A coalition of about 40 civil society organisations (CSOs) on Wednesday staged a solidarity march of support for Amnesty International.
The march is sequel to a protest by a group who attacked Amnesty’s office and demanded the forceful ejection of the organisation from Nigeria.
But speaking at a rally on Wednesday, Abdul Mahmoud, a human rights lawyer and one of the leaders of coalition, said Amnesty could not leave the country because it has worked hard to protect the rights of Nigerians.
He also said when he was arrested in 1991 as president of the National Association of Nigerian Students (NANS), Amnesty came to his aid by organising massive campaigns nationally and internationally to ensure his release and that of other students.
“We are all beneficiaries of the campaign of Amnesty International and I give you an example. In 1991 when I was the president of the NANS I was arrested by the Ibrahim Babangida administration under decree number II,” he said.
“Decree II was a military piece of legislation and we were detained by the then chief of military staff. Amnesty along with other human rights groups – alongside CLO held national and International campaign for my release and other students who detained across Nigeria.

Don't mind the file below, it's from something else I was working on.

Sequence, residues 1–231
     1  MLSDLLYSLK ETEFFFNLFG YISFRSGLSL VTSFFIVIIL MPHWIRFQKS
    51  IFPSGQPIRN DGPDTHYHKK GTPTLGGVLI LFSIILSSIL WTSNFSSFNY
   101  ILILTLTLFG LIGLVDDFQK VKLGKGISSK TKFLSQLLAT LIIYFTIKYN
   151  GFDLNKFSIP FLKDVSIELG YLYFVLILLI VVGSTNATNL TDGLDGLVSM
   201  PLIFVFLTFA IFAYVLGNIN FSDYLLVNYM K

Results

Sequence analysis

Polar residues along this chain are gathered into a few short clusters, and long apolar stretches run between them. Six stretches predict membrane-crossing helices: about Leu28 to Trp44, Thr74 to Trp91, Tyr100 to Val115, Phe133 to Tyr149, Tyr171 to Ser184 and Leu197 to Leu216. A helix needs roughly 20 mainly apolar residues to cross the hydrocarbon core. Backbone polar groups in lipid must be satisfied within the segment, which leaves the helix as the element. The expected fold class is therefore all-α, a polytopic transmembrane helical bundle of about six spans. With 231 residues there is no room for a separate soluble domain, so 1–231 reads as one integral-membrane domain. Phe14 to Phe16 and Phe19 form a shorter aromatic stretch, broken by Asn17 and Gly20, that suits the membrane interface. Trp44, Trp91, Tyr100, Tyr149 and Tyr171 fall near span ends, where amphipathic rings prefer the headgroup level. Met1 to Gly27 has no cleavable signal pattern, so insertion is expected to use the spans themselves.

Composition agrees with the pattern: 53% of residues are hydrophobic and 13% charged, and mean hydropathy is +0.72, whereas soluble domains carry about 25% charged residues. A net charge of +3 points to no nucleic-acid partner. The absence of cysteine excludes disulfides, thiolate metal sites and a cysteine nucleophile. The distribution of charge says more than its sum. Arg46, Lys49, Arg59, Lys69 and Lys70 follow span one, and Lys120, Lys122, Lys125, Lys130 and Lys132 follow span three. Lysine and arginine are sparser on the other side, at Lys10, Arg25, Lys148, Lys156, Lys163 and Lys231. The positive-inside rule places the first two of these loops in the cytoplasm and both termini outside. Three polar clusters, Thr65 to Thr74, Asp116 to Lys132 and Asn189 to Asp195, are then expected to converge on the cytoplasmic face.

“We are also aware an intensive campaign for those who were described as our brothers, who used to have their home of worship in Nigeria, who were their rights of worship were murdered by men of the Nigerian army. Amnesty International did an intensive campaign on its behalf, for the IPOB group, Niger Delta group
“We woke up almost a fortnight ago to read in our papers that sponsored an hired thugs stormed the office of Amnesty International here in Abuja to demand their repatriation from Nigeria and their forcible removal from Nigeria. Not acceptable.”
Jude Ndukwe, a co-convener of the coalition, said it was sad that youths would be “rented” to protest and attack the office of Amnesty.
“Amnesty International is here to stay and it is going no where,” Ndukwe said.